How To Undo A Partition

Tech-Frog

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What you've got there is most likely some form of protected recovery partition, put there by the guys that made your PC for when something goes wrong.
Removing it is difficult and risky, the only safe advice I can give you is to try recovering as much free space as possible.

Right click the drive on My Computer, select 'Properties'


Now hit the good ol' Disk Cleanup button


You've probably done this before, tick the various boxes selecting junk to remove (Just the one for me).


Now, select "More Options" along the top, this is often where big space gains are to be found.
On this page, select the "Clean up..." option in the "System Restore and Shadow Copies" section.


Yep, delete. If your computer seems to freeze at this point, give it a moment, it's deleting the old junk.


Now you can simply click OK, select "Delete Files" on the pop up box, and you're done.


On most 1-2 year old systems, this can free up in excess of 5GB. Try it on both your 'C' and 'D' drives.

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Alternately, you could try this method to delete the partition, although it may not work, and I do not recommend it.


Open up "My Computer", right-click on "Computer" and click "Manage".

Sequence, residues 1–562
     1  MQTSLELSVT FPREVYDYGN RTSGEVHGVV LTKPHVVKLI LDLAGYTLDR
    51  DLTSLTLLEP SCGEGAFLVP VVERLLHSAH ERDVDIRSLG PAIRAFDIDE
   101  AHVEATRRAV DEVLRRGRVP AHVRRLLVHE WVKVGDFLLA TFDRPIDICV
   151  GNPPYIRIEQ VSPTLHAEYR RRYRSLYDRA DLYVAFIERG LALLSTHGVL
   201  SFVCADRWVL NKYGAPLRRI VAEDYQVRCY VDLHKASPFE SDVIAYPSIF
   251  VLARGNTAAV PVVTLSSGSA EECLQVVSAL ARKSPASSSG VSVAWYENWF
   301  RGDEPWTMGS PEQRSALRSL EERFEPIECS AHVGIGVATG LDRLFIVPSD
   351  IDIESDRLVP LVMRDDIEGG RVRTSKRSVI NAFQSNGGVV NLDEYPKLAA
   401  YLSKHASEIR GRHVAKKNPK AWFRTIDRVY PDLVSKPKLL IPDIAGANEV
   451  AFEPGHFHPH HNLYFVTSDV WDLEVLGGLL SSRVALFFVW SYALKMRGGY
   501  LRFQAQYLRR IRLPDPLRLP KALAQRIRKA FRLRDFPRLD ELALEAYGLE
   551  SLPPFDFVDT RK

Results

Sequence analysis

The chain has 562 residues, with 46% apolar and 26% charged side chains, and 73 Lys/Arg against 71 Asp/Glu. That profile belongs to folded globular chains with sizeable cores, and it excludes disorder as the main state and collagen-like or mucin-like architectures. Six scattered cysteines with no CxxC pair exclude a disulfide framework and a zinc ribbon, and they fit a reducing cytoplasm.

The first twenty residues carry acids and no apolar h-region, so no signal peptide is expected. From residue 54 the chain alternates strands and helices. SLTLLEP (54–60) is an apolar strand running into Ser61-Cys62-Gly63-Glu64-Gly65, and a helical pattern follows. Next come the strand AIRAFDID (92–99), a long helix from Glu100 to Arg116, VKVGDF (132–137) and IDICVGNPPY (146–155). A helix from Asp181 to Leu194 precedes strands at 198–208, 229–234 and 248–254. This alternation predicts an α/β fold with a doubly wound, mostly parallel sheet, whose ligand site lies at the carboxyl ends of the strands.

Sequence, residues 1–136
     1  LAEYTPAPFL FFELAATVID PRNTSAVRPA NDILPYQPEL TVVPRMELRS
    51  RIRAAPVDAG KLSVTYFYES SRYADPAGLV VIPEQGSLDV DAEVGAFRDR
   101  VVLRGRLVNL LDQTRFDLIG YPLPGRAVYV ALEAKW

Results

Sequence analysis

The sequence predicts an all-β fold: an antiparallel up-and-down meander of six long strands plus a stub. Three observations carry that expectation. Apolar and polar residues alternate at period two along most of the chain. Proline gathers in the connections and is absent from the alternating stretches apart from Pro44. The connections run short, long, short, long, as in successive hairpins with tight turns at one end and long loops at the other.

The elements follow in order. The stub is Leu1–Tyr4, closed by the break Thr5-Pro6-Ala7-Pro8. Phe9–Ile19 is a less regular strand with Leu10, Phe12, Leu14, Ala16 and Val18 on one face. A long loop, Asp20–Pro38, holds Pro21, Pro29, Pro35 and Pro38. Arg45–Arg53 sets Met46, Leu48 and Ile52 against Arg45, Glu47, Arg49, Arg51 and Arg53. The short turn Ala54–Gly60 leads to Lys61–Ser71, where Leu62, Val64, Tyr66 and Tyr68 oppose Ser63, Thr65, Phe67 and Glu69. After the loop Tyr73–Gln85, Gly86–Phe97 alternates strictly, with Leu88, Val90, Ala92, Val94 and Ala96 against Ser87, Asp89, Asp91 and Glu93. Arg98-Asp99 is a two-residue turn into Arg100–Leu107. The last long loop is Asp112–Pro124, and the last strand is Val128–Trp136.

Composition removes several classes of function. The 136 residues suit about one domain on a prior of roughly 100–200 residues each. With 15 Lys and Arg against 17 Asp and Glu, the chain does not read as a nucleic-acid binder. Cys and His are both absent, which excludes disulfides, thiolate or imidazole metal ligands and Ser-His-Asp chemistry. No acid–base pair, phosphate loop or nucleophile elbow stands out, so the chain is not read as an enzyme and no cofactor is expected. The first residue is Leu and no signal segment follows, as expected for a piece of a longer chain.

A new window titled "Computer Management" should pop up.
On the right side of this window, click "Disk Management", after a bit of loading it should show all your hard drives and the like.


In the pane at the bottom, right-click the drive you want to delete, and click "Delete Volume". (If this option is grayed out, the partition has some form of protection on it and cannot be deleted easily, without re-installing Windows.


Click "Yes" on the prompt, now you've got some "Unallocated" space. Right click on the drive (Probaby C in your case.) and click "Extend Volume..."
This lovely Wizard should come up, from here it's a simple case of clicking "Next" over and over. It should then start the expansion process, which may take some time (5 minutes - 2 hours, depends on drive size etc.).


If all went well, your old partition should be gone and all that lovely space will be reclaimed.



On a side note, having Windows on a small partition at the start or end of the drive makes so little difference these days that it doesn't matter at all. I'd also recommend you do not put Windows on it's own smaller partition as it will soon begin to run into issues with not enough space for temporary files and the pagefile (I know you can move these, but most won't). It's also pretty much an outdated procedure, the only real use of it being that it's arguably easier to keep track of files.
 

walkers101

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by saying small i mean at least 30gb wasnt saying like 5gb as that wont last you a month what with the winsxs folder repeatedly making backups of dll files
 

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